(In the Moment: Julie Roberts debuts May 28 at 10:00 p.m. ET/PT on CMT.)
On the set of her first music video,
"Break Down Here," Julie Roberts stood in awe of the massive crew -- director, cameras, lighting, props, catering and so on.
But after the last shot had been captured in the cool California desert, everybody called it a wrap.
Well, almost everybody.
the day before that video shoot, Roberts has been trailed by a video camera and a sound technician. They have filmed her in
her record label's conference room and at Country Radio Seminar and at the grocery store and the gym. The result, In the
Moment: Julie Roberts, documents the days of a country star on the rise.
"I really do miss them when they're not
there because you get used to them," she says. "You feel like something's not right when they're not there."
of Lancaster, S.C., Roberts wishes a documentary like this had existed when she was younger, harboring dreams of being a country
"Oh, I would have loved it!" she says. "I really would have. I mean, I would have been glued to it, whether it
was an hour special, or something they show more than once. & People are going to learn a lot, I think."
spent two years at a junior college in South Carolina before enrolling in Belmont University in Nashville. She interned at
Mercury Nashville for two years, then was hired full time. However, she kept her musical aspirations quiet, thinking she'd
be fired if somebody thought she was using her position to make headway as an artist.
While still at Belmont, she had
recorded some demos, and a few years later, one of her friends gave them to producer Brent Rowan, who had scored big with
Joe Nichols' major label debut. Impressed with her singing, Rowan and Roberts worked in the studio before and after Roberts'
day job and sometimes over her lunch break.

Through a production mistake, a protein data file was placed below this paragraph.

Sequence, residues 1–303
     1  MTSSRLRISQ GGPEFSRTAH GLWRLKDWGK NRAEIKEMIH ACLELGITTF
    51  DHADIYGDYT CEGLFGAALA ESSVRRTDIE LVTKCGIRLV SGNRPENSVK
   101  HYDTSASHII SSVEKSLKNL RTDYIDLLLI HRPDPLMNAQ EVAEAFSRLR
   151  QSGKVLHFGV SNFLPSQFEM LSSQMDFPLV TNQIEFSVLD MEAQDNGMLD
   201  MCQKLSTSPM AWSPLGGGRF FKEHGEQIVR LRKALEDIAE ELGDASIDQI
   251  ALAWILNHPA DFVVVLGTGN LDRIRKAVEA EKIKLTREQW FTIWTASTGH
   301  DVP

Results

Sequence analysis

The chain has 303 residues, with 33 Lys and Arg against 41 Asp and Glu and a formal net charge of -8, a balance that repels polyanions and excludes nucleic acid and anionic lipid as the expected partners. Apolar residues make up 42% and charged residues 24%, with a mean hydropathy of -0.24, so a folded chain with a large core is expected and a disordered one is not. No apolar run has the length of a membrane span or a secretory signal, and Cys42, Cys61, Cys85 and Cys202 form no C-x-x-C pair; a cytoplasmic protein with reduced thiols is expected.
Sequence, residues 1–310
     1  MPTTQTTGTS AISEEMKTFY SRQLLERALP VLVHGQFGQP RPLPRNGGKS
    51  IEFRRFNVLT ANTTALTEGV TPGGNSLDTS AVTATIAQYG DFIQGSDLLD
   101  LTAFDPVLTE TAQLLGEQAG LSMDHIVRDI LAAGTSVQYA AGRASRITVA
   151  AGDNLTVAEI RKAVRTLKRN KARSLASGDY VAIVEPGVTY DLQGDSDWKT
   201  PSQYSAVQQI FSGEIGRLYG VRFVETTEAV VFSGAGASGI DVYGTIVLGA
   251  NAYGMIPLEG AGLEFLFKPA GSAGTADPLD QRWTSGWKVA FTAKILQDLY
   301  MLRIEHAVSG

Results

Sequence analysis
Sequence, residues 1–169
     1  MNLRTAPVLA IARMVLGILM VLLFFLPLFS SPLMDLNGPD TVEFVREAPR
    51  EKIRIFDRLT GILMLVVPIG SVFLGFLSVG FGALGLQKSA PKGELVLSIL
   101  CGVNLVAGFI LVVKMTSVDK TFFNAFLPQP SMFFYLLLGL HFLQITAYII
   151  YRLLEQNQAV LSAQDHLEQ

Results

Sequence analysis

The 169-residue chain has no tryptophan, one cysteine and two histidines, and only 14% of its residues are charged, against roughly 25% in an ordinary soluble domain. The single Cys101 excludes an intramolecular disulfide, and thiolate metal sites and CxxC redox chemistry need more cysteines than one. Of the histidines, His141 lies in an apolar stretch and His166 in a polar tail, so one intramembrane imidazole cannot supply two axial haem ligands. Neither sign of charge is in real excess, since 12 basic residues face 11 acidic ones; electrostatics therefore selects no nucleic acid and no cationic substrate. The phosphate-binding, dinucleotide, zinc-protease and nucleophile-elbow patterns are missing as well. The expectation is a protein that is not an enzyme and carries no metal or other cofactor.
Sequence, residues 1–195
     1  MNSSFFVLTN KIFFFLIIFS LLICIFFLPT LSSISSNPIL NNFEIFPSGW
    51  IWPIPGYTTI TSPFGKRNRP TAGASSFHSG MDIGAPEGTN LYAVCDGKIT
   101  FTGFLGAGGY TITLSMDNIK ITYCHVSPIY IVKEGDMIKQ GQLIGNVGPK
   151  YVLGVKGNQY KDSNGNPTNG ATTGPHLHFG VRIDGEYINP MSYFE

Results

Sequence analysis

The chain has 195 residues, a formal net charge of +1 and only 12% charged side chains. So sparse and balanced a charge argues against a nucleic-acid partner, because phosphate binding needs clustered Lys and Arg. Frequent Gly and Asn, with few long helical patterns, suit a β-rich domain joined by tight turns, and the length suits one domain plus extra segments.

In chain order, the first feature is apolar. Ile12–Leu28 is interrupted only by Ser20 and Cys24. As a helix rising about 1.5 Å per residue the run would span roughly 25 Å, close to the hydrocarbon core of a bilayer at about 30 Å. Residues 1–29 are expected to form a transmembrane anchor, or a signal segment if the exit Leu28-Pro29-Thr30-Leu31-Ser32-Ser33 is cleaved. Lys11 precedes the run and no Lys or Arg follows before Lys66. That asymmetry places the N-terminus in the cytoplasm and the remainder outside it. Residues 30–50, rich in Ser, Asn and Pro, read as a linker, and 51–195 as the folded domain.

Finally, Rowan asked Mercury Nashville head Luke Lewis if he could play
the tapes along with demos from some other artists he was producing. Roberts set up the appointment. After all, by that point,
she was working as his assistant.
"At the end of that meeting, he was going to play our demos, and that's what he did,"
Roberts remembers. "I was outside the office working, answering the phones. My heart was racing, and I was scared I was going
to get fired if he didn't like it. I just prayed that he liked it."
Lewis did like it and asked her to finish the project.
Four of the songs on the demo made it to the final album which was released Tuesday (May 25). However, she says she won't
watch the documentary until it airs on CMT.
"It's going to show what you do after you get signed, and then it's going
to show me -- who I am and also the different people that are really close to me, like my mom. It's going to show that side
of my life. This is my purpose: To take my music and my personality around the world."
Asked if there's anything embarrassing
on the tape, she giggles and says, "I'm sure there were a lot of things, but it was me, and I honestly don't know what they
got. & They definitely got me with no makeup on, when I'd wake up looking all rough. But that's life. That's me. We'll